I have a day job as a National Health Service clinician and teacher, work which requires a lot of publication in its own right (under a different name), so there have been long gaps in my writing poetry since I began in 1989. But it has never stopped completely. This is partly because I have always read – poetry from the sixteenth century right up to the 2011s, as a result of a first degree in Eng. Lit. – and partly because no job can satisfy every need, perhaps particularly not the need for something personal and self-examining. I spend a lot of the day listening to other people’s worlds. Writing poems offsets that: poetry is a way of talking about how each of us sees, is touched by, grasps, and responds to our own different worlds and the people in them.
I enrolled as a complete beginner in Michael Donaghy’s class at the City Lit. He was a marvellous teacher: lively, funny, tolerant and encouraging. He’d bring along a poem he thought was good or interesting for us to discuss and make us articulate our own thoughts about it, before we read out our own drafts for the group to talk about. And he could be mischievous. Once along he brought a highly enigmatic poem for us to think about and there were a lot of baffled and unhappy faces before someone (yes, me) like the boy in the story of the Emperor’s New Clothes risked saying, “This poem is complete rubbish!” Michael grinned with relief. He had concocted it deliberately to demonstrate to the group that obscurity was not necessarily profundity. His premature death was a huge loss.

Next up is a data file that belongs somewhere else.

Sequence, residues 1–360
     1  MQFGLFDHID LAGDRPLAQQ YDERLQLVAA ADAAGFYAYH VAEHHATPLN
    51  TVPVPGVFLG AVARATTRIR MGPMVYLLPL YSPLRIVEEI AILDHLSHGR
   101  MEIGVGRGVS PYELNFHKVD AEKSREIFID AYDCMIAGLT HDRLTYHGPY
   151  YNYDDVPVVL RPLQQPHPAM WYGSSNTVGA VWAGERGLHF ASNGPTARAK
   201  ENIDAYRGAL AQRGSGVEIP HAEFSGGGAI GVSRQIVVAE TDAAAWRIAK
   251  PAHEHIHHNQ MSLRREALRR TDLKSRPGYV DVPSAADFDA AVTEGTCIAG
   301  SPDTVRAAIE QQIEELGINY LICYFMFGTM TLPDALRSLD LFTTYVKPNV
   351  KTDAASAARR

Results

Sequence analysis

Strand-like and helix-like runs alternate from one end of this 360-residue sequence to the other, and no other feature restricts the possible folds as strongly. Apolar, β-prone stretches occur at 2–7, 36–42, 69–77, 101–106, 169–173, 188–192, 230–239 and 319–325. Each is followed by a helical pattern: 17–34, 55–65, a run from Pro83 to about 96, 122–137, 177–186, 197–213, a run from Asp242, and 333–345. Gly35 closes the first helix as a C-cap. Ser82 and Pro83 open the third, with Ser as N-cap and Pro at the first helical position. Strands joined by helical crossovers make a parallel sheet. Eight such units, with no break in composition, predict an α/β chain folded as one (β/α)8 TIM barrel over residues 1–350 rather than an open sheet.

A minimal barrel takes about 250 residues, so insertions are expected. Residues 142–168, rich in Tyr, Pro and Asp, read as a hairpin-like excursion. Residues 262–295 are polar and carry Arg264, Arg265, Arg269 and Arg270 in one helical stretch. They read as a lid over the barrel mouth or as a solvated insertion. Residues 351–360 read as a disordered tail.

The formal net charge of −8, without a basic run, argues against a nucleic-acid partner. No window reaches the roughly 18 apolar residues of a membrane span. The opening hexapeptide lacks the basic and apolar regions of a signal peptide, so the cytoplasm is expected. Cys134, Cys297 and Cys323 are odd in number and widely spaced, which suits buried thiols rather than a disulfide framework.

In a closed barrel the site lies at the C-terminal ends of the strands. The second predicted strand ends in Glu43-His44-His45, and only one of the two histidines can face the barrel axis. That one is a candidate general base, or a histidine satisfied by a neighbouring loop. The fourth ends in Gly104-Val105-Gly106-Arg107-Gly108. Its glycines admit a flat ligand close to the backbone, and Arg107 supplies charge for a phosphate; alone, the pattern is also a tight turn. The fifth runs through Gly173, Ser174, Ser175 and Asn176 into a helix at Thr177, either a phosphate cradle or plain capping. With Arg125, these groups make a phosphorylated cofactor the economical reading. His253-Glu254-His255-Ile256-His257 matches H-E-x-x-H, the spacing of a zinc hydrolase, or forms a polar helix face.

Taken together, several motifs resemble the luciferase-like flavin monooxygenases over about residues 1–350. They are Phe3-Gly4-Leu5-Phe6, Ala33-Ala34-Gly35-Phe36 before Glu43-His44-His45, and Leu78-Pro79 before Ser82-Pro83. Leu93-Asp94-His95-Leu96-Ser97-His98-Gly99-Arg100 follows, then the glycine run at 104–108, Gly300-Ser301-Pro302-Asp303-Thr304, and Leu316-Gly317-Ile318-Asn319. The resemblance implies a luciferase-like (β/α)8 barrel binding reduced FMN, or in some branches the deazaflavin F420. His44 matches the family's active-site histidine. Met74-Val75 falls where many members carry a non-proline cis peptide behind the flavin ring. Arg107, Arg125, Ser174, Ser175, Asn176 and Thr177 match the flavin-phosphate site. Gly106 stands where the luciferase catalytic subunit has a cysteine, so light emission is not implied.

Then for several years I went to Colin Falck’s Thurlow Road Poetry Workshop, which by now has run for around 30 years. There the poems are put anonymously into a battered and much repaired envelope, also 25 years old, and then drawn out at random and read to the group. The anonymity provides a kind of freedom for authors and commentators; and when you think you can guess the poet from the style or the type-face, you’d often be wrong.
I now go to a small weekly group run by John Stammers in the Poetry Society’s upstairs studio. There are around 10 poets in it, all experienced and each with a particular and personal style, and a thoughtful capacity for helping each other see what we have brought. The Group (that’s its name) has produced two pamphlets by now, around five years apart: Gobby Deegan’s Riposte and, at the end of 2014, Sounds of the Front Bell. The first is a collector’s item by now: the title poem by the late and much missed Susan Grindley, is quite brilliant.
I’m now working on a second collection, which will take a while yet before being ready for possible publication.